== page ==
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Why do neurons spike spontaneously?

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  • UserTim Vogels (University of Oxford) World_link
  • ClockMonday 27 April 2020, 16:30-17:30
  • HouseOnline on Zoom.

If you have a question about this talk, please contact Jake Stroud.

Zoom information:

Link: https://us02web.zoom.us/j/99176276471?pwd=c0RtbFpSUGNOUTgrUjJPZWxHN1pJdz09

Meeting ID: 991 7627 6471

Password: 314708

Talk abstract: Spontaneous firing, observed in many neurons, is often attributed to ion channel or network level noise. Cortical cells during slow wave sleep exhibit transitions between so called Up and Down states. In this sleep state, with limited sensory stimuli, neurons fire in the Up state. Spontaneous firing is also observed in slices of cholinergic interneurons, cerebellar Purkinje cells and even brainstem inspiratory neurons. In such in vitro preparations, where the functional relevance is long lost, neurons continue to display a rich repertoire of firing properties. It is perplexing that these neurons, instead of saving their metabolic energy during information downtime and functional irrelevance, are eager to fire. We propose that spontaneous firing is not a chance event but instead, a vital activity for the well-being of a neuron. Neurons in anticipation of synaptic inputs, keep their ATP levels at maximum. As recovery from inputs requires most of the energy resources, neurons are ATP surplus and ADP scarce during synaptic quiescence. With ADP as the rate-limiting step, ATP production stalls in the mitochondria. This leads to toxic Reactive Oxygen Species (ROS) formation, which are known to disrupt many cellular processes. We hypothesize that spontaneous firing occurs at these conditions as a release valve to spend energy and to restore ATP production, shielding against ROS . By linking a mitochondrial metabolism model to a conductance-based neuron model, we show that spontaneous firing depends on baseline ATP usage and on ATP -cost-per-spike. From our model, emerges a mitochondrial mediated homeostatic mechanism that provides a recipe for different firing patterns. Our findings, though mostly affecting intracellular dynamics, may have large knock-on effects on the nature of neural coding. Hitherto it has been thought that the neural code is optimised for energy minimisation, but this may be true only when neurons do not experience synaptic quiescence.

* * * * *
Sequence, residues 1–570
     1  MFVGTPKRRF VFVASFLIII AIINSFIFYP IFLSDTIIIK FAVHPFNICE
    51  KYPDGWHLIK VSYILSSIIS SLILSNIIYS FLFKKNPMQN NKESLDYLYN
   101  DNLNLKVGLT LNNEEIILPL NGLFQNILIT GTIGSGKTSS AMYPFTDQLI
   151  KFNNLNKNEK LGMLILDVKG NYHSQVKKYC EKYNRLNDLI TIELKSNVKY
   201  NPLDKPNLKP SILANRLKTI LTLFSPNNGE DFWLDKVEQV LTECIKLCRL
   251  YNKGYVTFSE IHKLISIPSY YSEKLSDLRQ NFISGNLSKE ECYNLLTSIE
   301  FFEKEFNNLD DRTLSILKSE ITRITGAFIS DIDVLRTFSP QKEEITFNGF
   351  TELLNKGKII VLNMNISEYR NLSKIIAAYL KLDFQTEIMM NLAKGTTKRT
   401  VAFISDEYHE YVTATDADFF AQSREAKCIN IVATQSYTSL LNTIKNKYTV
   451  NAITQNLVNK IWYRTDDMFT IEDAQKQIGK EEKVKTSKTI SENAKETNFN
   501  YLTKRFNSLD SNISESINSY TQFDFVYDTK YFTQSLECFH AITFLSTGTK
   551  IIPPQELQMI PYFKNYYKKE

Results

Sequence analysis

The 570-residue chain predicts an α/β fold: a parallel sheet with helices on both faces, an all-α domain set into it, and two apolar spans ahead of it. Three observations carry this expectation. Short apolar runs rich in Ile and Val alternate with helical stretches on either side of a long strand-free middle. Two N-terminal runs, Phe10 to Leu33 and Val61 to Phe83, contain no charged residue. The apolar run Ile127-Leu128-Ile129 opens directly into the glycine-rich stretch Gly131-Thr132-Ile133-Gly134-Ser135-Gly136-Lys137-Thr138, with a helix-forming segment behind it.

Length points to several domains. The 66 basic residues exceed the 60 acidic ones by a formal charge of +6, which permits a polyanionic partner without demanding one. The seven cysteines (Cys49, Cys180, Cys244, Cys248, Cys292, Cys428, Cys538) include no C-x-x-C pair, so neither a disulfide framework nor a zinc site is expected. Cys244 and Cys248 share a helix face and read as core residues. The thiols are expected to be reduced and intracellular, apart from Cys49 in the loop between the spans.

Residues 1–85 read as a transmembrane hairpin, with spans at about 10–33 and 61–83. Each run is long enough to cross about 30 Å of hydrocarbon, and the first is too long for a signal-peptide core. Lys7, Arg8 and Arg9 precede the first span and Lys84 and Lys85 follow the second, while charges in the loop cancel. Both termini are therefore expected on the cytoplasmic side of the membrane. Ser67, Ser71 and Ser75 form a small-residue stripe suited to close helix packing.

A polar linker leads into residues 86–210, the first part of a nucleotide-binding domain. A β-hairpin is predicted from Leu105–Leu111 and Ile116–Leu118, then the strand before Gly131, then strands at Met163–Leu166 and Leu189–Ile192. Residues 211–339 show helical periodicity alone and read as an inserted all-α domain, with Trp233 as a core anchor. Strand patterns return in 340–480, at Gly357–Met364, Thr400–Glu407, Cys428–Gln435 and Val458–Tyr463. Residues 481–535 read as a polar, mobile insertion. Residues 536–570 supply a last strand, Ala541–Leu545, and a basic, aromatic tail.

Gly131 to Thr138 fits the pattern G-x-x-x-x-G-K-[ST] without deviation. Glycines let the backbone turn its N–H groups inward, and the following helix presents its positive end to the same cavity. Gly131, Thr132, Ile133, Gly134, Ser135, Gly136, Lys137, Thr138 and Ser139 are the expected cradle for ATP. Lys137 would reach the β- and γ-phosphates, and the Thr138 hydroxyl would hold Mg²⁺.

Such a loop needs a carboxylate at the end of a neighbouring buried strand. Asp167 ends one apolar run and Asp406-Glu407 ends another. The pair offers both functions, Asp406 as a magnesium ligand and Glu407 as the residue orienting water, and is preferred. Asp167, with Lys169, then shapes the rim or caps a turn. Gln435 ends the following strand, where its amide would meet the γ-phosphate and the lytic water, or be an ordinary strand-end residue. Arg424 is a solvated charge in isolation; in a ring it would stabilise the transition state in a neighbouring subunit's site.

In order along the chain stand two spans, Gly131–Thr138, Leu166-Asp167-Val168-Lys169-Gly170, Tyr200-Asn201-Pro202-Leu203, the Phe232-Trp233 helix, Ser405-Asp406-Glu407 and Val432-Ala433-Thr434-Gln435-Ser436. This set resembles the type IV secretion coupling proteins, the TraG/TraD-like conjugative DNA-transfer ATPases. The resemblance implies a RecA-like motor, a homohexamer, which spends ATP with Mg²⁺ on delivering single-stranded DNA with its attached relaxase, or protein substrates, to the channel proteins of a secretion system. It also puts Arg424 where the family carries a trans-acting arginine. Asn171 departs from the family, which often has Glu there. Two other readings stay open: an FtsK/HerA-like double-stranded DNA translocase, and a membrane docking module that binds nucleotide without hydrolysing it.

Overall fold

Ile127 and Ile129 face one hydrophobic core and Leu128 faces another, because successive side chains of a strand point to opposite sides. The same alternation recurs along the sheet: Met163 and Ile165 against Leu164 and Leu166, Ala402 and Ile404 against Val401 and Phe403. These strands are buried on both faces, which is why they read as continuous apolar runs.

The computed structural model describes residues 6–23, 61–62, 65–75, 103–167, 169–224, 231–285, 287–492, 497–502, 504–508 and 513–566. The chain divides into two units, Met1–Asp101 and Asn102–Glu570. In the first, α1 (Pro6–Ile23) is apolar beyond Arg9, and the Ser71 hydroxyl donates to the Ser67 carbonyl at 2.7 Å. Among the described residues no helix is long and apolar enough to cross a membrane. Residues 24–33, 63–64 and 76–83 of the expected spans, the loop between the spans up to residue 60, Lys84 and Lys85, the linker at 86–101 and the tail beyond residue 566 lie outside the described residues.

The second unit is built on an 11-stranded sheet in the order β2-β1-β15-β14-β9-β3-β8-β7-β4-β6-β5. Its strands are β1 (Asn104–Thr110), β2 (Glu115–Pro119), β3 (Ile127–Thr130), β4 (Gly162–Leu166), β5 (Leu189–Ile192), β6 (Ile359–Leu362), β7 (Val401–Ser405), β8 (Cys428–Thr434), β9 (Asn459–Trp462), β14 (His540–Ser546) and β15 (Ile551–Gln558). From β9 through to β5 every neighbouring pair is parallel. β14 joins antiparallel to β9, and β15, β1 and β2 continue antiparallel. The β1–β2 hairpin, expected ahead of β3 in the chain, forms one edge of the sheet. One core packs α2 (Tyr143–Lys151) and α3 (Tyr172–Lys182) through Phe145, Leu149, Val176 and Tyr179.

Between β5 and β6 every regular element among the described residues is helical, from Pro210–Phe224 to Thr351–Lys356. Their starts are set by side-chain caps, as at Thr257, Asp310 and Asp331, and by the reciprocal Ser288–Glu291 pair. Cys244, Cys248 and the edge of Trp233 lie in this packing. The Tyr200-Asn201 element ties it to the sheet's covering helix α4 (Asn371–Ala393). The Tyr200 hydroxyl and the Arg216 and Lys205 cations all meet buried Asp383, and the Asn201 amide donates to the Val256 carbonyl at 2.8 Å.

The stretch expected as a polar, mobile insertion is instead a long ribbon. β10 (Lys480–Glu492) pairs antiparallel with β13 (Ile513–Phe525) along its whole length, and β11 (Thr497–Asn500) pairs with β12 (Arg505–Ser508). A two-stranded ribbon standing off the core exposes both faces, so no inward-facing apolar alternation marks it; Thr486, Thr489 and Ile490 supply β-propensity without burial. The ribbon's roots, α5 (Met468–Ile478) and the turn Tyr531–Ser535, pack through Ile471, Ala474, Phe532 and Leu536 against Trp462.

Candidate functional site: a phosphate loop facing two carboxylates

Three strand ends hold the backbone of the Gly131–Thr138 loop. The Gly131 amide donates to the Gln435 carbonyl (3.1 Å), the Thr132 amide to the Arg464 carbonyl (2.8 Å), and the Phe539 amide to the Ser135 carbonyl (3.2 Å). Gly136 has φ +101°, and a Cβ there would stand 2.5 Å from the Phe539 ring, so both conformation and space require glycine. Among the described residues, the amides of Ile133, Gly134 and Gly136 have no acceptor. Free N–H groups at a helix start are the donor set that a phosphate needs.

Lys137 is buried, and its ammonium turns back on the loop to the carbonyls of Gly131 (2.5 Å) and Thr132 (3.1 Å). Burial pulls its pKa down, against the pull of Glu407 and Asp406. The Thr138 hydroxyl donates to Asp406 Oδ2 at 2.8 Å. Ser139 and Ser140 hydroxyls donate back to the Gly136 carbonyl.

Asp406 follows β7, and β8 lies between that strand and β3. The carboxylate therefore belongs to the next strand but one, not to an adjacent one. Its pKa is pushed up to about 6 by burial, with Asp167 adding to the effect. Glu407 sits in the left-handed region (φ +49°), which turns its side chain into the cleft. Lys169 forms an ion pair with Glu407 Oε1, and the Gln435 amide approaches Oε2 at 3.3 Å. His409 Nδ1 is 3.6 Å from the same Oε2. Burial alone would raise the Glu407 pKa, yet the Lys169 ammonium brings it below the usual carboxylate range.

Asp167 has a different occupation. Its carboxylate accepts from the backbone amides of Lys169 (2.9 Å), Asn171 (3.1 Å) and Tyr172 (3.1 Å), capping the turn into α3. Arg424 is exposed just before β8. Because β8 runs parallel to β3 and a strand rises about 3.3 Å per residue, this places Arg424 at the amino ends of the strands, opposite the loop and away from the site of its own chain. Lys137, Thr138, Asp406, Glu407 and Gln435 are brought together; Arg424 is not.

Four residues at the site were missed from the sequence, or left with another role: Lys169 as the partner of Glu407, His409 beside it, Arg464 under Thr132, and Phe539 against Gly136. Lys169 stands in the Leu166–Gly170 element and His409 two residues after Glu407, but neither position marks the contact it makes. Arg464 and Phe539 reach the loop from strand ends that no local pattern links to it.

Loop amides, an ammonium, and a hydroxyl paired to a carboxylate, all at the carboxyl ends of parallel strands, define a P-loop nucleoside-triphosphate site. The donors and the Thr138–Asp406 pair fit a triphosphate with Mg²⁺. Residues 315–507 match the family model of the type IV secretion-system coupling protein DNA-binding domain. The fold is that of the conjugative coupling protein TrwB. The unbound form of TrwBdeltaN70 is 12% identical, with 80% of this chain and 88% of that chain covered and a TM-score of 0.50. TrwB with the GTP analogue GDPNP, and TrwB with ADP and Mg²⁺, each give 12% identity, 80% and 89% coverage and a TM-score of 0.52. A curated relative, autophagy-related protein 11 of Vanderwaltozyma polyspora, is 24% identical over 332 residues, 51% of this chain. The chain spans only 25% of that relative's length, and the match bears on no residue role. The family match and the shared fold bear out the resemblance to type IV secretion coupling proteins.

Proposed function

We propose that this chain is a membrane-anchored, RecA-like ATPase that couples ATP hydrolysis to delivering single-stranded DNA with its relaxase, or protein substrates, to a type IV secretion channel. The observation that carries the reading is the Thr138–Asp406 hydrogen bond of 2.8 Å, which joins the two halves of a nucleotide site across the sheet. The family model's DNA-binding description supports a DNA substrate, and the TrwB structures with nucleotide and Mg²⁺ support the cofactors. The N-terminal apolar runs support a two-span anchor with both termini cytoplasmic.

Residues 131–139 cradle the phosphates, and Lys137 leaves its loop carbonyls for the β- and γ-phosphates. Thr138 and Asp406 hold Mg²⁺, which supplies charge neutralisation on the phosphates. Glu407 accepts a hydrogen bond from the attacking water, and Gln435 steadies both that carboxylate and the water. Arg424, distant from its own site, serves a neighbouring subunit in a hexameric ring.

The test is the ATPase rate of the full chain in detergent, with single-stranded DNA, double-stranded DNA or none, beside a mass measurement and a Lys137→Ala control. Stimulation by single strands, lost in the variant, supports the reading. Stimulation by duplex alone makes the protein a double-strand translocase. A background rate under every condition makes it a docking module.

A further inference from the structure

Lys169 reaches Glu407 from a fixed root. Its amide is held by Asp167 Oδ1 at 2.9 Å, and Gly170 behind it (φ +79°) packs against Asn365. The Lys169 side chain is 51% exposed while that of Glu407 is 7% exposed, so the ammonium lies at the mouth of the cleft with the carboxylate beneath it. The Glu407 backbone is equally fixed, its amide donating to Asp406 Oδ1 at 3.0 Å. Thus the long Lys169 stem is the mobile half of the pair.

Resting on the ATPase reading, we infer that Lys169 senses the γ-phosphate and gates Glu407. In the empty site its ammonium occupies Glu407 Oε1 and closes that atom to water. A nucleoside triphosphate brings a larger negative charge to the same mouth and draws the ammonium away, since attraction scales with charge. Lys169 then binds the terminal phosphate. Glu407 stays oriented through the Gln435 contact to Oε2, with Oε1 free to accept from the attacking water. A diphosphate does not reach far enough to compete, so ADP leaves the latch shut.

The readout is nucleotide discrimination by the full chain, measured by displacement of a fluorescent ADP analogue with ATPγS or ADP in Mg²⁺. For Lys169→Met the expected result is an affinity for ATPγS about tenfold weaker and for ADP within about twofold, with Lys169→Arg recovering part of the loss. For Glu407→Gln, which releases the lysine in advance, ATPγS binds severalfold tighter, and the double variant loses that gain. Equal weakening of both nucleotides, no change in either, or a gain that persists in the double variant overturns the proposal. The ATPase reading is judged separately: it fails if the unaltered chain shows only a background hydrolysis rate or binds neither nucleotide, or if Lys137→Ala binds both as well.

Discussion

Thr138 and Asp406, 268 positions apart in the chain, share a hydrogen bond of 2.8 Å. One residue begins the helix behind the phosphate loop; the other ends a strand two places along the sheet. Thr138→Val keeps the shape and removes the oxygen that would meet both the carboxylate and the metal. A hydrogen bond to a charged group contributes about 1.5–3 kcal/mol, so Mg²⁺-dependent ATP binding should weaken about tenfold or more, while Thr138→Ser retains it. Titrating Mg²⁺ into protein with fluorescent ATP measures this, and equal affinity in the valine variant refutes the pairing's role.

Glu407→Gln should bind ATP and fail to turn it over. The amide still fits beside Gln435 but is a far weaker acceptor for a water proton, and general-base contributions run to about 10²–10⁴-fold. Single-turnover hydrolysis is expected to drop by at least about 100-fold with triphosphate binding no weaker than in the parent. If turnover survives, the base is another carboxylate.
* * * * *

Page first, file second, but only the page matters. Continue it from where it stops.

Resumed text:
This talk is part of the Computational Neuroscience series.

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